World War I ended at 11 a.m. Nov. 11, 1918, the 11th hour of the 11th day of the 11th month. In 1938, that day was declared the national holiday Armistice Day, known in Europe as Remembrance Day. In 1954, it was proclaimed Veterans Day to include those who served in other wars. What do you do to honor the veterans in your family?
- I wish I knew my grandfather as an adult, but he passed away. But one childhood memory I have of him is him teaching me how to fold the American flag. Every morning, he would put it out, and every night, he would bring it back in. Never in the rain and never let it touch the ground. It was amazing how much respect that generation had for this country because they fought with their lives to preserve the freedoms that we have now. That, so sadly, we take for granted. — Sarah Smith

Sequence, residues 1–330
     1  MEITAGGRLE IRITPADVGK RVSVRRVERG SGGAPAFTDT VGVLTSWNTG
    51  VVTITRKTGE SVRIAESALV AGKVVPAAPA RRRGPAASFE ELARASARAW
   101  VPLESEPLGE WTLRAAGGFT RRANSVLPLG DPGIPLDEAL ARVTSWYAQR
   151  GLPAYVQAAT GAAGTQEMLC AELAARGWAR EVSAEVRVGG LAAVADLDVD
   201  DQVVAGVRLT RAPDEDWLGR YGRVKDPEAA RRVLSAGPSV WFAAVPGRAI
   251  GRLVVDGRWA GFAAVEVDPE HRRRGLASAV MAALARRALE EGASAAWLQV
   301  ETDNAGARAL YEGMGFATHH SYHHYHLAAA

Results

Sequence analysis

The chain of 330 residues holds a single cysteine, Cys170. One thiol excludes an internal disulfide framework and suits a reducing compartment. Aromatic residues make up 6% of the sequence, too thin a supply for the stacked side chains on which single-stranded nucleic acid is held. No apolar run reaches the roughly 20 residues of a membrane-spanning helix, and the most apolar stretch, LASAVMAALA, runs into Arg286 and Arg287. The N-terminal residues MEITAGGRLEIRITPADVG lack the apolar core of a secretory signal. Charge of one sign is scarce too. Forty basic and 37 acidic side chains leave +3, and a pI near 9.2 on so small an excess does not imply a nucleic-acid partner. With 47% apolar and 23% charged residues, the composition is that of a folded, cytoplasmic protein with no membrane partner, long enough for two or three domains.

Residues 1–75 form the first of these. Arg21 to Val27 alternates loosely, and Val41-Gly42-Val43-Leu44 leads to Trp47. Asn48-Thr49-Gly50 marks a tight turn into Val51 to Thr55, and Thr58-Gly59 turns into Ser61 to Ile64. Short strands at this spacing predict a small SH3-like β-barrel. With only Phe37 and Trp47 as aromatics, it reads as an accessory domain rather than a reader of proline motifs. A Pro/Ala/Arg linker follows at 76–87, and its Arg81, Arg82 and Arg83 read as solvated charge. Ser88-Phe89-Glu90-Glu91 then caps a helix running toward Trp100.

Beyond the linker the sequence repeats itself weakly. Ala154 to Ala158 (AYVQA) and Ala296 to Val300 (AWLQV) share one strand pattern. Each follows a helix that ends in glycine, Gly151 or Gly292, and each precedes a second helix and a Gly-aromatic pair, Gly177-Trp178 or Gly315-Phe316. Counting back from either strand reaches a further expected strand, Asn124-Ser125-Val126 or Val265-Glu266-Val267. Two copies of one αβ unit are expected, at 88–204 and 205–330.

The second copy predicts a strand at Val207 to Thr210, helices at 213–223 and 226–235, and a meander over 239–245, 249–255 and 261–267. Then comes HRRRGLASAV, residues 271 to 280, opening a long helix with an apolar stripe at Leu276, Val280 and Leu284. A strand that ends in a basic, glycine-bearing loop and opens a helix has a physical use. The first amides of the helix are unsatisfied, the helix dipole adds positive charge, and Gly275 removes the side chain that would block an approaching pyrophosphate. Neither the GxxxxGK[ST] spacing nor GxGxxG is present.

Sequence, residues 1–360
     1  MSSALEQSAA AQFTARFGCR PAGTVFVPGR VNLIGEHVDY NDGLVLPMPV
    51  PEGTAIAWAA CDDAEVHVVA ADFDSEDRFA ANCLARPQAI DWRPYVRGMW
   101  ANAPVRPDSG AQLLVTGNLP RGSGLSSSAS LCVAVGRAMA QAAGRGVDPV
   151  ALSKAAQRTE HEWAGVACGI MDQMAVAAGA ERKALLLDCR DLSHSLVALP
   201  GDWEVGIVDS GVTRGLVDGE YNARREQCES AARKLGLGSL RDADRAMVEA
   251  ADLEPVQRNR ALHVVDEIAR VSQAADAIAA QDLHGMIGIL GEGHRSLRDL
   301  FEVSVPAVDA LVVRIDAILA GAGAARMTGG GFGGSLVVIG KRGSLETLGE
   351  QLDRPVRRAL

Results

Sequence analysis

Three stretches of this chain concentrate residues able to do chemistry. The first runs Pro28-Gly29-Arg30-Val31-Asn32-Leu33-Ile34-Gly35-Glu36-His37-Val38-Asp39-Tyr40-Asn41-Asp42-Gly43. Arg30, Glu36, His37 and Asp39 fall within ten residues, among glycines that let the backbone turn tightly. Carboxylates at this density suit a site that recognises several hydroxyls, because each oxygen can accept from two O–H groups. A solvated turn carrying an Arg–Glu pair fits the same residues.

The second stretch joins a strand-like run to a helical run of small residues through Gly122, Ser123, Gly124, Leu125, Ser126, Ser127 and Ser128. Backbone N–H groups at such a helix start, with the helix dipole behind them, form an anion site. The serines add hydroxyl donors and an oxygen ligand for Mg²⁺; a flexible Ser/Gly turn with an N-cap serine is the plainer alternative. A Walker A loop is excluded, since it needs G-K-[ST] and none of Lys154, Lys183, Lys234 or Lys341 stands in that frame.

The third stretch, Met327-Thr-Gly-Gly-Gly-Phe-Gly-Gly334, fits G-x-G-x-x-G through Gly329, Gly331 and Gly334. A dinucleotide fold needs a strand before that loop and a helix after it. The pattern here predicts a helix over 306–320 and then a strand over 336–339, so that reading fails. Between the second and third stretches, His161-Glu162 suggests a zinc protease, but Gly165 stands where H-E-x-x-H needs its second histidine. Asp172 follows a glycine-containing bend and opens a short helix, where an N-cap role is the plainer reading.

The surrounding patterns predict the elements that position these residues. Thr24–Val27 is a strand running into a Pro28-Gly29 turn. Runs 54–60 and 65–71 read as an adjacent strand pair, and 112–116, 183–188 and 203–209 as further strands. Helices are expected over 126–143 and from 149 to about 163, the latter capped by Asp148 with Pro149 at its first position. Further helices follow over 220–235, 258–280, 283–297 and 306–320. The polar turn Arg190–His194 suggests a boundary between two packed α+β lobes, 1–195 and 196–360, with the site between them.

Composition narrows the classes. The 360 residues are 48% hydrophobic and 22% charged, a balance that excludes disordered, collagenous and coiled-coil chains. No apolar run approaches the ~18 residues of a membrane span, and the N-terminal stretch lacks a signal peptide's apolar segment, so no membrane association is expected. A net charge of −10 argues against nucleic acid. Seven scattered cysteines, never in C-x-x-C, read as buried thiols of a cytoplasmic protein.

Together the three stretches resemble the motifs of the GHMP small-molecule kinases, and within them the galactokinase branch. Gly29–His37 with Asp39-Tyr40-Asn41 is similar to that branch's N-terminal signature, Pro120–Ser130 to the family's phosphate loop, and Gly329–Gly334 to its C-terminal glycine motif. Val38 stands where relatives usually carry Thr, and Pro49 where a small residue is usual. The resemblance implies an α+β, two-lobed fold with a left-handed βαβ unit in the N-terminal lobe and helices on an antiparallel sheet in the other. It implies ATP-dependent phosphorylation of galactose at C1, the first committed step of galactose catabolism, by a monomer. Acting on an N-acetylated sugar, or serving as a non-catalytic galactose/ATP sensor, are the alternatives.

- My great-grandfather told me to use it as a day to relax. So that’s what I do. Man was ashamed of having been in the military, so he wanted us to remember him for who he was as a person, not for the thing he regretted most in his life. — Jaden Blondin
- Do you know why he was ashamed? — Sarah Smith
- The best way I could put it was bystander’s guilt. He felt he served an organization that harmed more people than it helped. My great-grandfather fought in both World War II and Vietnam. — Jaden Blondin